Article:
Think you could never get uprooted from your home? Think again!
When Amena and Nizar first got married, they never thought they’d leave their home country, Syria, to live abroad. They most certainly never thought they’d leave their country in the circumstances that they did. They both belonged to well-established families. Amina had a Bachelor’s degree and dreamed of a career in education. Nizar was equally ambitious.
But things changed. Syria was engulfed in civil war. This young family lived through what we witness on nightly news and our social media feeds. When Amena found out she is pregnant with her second child, moving out of Syria was no longer an option, it was a matter of life and death. Though it meant leaving their parents and everyone they knew behind, the young couple along with their one-year-old daughter began their exodus in Jordan.
Like 90% of displaced Syrian refugees, the family didn’t live in a refugee camp. Instead they rented a small apartment with the bit of savings they had. Thanks to Canada’s Welcome Refugee program, the family landed in Vancouver in September, 2015.
Soon after their arrival, The family connected with a network of fellow Syrians who guided them through the process of applying for subsidized housing. BC Housing provided them with an apartment on Granville Island, an area generally not associated with low-income housing.
At first, Nizar and Amena only visited the Muslim Food Bank for the food parcel. Later, they were referred to the ASPIRE program which is designed to support clients through challenges such as mental health, poverty and so forth. The Karams’ case was handed to caseworker Jannah.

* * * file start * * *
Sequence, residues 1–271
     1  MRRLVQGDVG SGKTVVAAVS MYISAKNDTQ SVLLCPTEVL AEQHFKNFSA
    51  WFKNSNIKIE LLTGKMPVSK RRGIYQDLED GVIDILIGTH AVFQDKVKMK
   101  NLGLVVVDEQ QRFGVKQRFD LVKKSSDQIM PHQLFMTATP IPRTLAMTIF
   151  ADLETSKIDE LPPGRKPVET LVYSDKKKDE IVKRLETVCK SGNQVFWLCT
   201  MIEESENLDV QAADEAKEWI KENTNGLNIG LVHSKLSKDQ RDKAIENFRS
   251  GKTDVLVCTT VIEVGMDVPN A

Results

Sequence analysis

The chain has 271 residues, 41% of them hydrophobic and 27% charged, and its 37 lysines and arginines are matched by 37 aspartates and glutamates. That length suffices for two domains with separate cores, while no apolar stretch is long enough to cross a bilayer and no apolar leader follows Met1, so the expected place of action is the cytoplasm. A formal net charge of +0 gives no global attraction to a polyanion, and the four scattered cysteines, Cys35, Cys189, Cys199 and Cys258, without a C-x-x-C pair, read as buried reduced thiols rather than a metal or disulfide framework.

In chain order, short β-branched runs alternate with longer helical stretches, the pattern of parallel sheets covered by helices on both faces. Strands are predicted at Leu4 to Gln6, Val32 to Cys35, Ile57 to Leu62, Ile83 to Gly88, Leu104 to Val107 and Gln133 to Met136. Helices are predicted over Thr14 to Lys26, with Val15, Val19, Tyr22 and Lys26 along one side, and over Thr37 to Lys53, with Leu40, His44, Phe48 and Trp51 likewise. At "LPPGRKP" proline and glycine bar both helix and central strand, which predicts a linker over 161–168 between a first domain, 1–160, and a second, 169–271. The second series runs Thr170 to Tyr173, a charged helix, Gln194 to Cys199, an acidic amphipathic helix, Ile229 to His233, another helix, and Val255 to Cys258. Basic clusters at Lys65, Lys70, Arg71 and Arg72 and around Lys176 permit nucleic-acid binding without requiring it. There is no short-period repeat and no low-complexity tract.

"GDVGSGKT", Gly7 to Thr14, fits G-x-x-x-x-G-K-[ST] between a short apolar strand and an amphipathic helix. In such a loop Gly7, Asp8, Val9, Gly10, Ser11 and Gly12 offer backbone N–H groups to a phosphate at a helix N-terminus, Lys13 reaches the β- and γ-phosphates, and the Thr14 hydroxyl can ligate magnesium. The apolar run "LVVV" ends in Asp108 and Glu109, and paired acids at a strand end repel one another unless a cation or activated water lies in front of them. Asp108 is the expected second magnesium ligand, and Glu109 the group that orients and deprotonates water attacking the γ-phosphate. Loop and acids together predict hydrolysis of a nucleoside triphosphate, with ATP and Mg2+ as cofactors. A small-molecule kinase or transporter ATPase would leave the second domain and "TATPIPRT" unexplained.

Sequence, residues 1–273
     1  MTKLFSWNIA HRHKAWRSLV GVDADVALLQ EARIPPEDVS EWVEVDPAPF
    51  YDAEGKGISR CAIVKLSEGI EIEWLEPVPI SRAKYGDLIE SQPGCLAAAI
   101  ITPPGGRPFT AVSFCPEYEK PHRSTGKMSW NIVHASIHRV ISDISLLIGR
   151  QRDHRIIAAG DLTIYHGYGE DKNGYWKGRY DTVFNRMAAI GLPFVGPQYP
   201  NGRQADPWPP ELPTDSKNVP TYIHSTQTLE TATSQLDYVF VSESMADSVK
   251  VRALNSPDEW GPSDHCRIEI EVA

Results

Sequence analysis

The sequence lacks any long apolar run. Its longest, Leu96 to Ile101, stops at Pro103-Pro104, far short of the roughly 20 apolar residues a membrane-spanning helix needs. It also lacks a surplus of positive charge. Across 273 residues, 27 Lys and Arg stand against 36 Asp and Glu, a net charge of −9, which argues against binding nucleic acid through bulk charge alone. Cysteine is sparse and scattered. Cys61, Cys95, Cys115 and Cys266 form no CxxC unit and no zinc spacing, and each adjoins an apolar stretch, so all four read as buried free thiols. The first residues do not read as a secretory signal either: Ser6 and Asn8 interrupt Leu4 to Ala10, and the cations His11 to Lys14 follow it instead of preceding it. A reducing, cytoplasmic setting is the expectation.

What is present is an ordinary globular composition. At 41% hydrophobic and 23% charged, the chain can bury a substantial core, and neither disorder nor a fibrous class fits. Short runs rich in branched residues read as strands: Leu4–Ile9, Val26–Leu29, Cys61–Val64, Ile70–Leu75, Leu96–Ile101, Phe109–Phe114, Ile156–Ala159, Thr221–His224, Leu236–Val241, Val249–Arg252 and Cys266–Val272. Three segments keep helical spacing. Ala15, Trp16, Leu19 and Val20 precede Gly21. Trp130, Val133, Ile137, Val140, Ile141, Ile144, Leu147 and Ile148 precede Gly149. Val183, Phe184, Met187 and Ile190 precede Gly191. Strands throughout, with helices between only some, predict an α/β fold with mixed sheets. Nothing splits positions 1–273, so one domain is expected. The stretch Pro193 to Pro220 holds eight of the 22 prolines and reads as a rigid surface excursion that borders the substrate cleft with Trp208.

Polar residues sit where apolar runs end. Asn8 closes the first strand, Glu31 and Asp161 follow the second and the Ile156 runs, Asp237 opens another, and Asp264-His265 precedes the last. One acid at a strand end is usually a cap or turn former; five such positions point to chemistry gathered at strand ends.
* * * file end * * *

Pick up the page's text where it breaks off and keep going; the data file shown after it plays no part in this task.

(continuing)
“I was impressed that the couple was able to obtain subsidized housing in Granville Island all on their own” said Jannah.
There were definite hardships though, the first being language barrier. Nizar was barely able to speak English, Amena was a little more fluent than him. She attended ESL (English as a Second Language) classes to improve her fluency. With the help of a close-knit network of friends, Nizar was able to find a job in construction. This meant that Amena had to stay home with her kid.
Like many immigrants, Amena was unable to attend her ESL classes due to lack of childcare. That’s when Jannah stepped in. Jannah referred her to the Child Care Resources & Referral program which enabled her to go back to her ESL classes.
“What’s really amazing is that within seven months of relocating to Canada, this family stopped receiving welfare assistance because the husband secured a well-paying job,” Jannah said.
As Amena’s due date drew closer, being away from her parents took a toll on her. Jannah found Amena a nursing aide to help with this. The nurse aide assessed Amena to be at high risk of postpartum depression due to lack of support during her pregnancy. She was given access to a self-care program which consisted of exercise and activities to help alleviate her issues.
When her rental agreement expired, Amena went to Jannah for guidance. Jannah asked Amena to speak to her building manager and let him know that she is pregnant and that once she delivers the baby, she will vacate the apartment. Amena did just that and her lease was extended for another six months. Jannah was elated to know that her advice worked in their favor.
The family was able to stand on their own feet within months of immigrating to Canada. The Muslim Food Bank filled the gaps by providing the right support at the right time.
These are real stories where our volunteers have an impact on members of our community helping them progress in their lives. InshaAllah next week we will bring you another story. Please join us to have a purpose in your life to make a difference in the lives of your brothers and sisters by coming to our events and registering as a volunteer or donating to your organization, the Muslim Food Bank and Community Services Society (usually referred to as Muslim Food Bank) at www.muslimfoodbank.com/donate. Our email is firstname.lastname@example.org and telephone number is 1-866-248.3868.